30 Countries Sign onto Campaign to Stop Use of Autonomous Killing Machines
Human Rights Watch (HRW) recently announced that it has commitments from 30 countries to push for an international treaty to ban killer robot use, the culmination of eight years of work, according to a story on vice.com. It compiled a report that shows how 97 countries favor some version of the treaty:
“The report…says most of them want to ‘retain human control over the use of force.’ Additionally, a growing number of policymakers, artificial intelligence experts, private companies, international and domestic organizations, and ordinary individuals have also endorsed the call to ban fully autonomous weapons. The authors explain that autonomous weapons ‘would decide who lives and dies, without … inherently human characteristics such as compassion that are necessary to make complex ethical choices.’ “
The only real hitch is that the countries making drones and war robots, primarily the United States, Russia and China, have shown no interest in signing such a treaty.
The HRW’s Campaign to Stop Killer Robots seeks to get the United Nations to work on drafting an international treaty and assist in getting it signed. The UN Secretary-General, Antonio Guterres, has already pledged his support, but the global group is unlikely to meet for some months.
According to a Wired magazine story, the idea of machines being given free rein to kill people should send a chill down your spine:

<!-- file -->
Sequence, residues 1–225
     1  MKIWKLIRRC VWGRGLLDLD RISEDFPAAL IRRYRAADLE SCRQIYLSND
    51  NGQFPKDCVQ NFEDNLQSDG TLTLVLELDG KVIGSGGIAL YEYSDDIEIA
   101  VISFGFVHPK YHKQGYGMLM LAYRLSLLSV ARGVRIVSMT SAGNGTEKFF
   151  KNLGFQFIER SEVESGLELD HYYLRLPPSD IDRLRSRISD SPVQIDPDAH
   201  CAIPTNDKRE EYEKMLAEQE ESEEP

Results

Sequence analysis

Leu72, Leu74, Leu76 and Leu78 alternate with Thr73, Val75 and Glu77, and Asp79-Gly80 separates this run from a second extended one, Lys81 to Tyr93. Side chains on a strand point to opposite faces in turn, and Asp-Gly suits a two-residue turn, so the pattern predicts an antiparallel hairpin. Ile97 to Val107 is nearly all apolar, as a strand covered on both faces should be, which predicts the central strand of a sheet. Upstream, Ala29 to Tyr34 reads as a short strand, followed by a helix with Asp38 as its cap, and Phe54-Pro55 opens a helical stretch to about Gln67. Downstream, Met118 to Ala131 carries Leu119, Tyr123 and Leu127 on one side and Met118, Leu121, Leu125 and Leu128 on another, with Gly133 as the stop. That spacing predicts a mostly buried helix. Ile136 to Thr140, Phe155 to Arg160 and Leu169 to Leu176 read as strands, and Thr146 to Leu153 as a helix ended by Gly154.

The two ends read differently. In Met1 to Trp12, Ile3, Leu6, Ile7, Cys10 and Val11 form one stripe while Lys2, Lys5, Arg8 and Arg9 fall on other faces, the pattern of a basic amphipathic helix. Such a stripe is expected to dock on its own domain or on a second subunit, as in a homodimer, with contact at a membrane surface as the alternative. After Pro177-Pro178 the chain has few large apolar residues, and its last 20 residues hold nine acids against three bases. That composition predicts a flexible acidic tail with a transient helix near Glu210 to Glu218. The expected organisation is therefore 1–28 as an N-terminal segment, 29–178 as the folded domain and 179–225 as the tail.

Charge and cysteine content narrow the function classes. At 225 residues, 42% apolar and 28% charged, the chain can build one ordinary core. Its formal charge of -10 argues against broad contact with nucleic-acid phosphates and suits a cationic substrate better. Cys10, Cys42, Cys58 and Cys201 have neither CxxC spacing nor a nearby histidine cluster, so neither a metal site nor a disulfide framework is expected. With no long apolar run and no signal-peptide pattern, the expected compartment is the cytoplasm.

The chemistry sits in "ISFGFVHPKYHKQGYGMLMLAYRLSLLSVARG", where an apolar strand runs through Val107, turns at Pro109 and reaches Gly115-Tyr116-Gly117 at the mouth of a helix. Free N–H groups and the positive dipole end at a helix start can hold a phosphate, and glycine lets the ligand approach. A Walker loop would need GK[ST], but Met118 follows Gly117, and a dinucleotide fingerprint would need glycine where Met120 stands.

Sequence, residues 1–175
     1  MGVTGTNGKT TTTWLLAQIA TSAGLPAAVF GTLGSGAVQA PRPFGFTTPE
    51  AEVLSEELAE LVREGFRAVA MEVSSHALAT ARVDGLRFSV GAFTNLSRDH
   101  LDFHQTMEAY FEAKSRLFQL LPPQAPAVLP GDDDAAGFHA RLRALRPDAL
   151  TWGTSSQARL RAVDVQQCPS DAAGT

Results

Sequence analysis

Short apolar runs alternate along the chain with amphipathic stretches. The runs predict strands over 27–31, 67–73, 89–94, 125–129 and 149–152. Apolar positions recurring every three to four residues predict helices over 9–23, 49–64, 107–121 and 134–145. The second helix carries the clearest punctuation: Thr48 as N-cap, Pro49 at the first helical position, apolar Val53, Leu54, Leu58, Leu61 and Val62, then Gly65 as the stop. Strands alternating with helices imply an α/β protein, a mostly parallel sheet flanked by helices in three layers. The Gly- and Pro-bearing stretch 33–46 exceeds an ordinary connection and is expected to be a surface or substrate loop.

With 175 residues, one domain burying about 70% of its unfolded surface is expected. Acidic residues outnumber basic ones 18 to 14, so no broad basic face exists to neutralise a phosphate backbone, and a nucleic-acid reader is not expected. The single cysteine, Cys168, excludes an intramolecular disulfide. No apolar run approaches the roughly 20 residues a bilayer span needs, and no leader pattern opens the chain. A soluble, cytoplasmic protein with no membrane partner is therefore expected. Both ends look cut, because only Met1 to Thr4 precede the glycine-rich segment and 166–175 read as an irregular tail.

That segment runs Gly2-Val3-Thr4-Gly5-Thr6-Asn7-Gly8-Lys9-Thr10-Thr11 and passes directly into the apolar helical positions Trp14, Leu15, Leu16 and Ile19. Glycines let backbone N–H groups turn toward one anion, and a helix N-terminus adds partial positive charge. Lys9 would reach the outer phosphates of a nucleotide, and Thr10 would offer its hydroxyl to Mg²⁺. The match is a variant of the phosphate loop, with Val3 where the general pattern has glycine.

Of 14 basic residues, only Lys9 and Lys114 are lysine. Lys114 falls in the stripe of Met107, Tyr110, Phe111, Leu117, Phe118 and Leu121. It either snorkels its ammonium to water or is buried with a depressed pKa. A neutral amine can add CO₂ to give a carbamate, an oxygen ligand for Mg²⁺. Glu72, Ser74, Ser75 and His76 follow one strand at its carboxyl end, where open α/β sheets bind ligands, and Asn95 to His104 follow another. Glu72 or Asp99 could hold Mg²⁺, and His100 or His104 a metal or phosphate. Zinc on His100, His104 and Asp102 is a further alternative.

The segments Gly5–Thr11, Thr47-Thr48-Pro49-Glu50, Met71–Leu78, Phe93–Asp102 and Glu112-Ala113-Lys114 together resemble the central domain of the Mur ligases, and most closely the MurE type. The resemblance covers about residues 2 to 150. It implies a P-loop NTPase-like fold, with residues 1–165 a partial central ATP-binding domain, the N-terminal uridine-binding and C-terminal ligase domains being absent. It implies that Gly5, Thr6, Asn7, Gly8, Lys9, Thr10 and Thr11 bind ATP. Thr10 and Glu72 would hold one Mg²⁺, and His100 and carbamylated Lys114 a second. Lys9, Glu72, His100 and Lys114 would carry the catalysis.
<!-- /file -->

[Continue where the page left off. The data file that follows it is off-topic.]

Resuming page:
“Militaries have a compelling reason to keep humans involved in lethal decisions. For one thing, they’re a bulwark against malfunctions and flawed interpretations of data; they’ll make sure, before pulling the trigger, that the automated system hasn’t misidentified a friendly ship or neutral vessel. Beyond that, though, even the most advanced forms of artificial intelligence cannot understand context, apply judgment, or respond to novel situations as well as a person. Humans are better suited to getting inside the mind of an enemy commander, seeing through a feint, or knowing when to maintain the element of surprise and when to attack.”
No one wants a computer glitch to wipe out a city of innocent civilians. Some in the tech world have already figured out that unleashing killer robots is a terrible idea. Laura Nolan, a former Google engineer, quit her job last year in protest of working on making the U.S. Defense Department’s Maven Project killer drones more efficient at doing their lethal hunting of victims. Nolan told theguardian.com that killer robots which aren’t guided by human remote control should be outlawed, just like chemical weapons. “(Killer robots can do) calamitous things that they were not originally programmed for.”
“There could be large-scale accidents because these things will start to behave in unexpected ways,” Nolan said. “Which is why any advanced weapons systems should be subject to meaningful human control, otherwise they have to be banned because they are far too unpredictable and dangerous.”
The end isn’t near, yet, but the Wired piece predicts that it’s only a matter of time before the robot defense devices will be fully capable of acting on their own, and far more effectively than with human control:
“Military scholars in China have hypothesized about a ‘battlefield singularity,’ a point at which combat moves faster than human cognition. In this state of ‘hyperwar,’ as some American strategists have dubbed it, unintended escalations could quickly spiral out of control. The 2010 ‘flash crash’ in the stock market offers a useful parallel: Automated trading algorithms contributed to a temporary loss of nearly a trillion dollars in a single afternoon. To prevent another such calamity, financial regulators updated the circuit breakers that halt trading when prices plummet too quickly. But how do you pull the plug on a flash war?”
read more at vice.com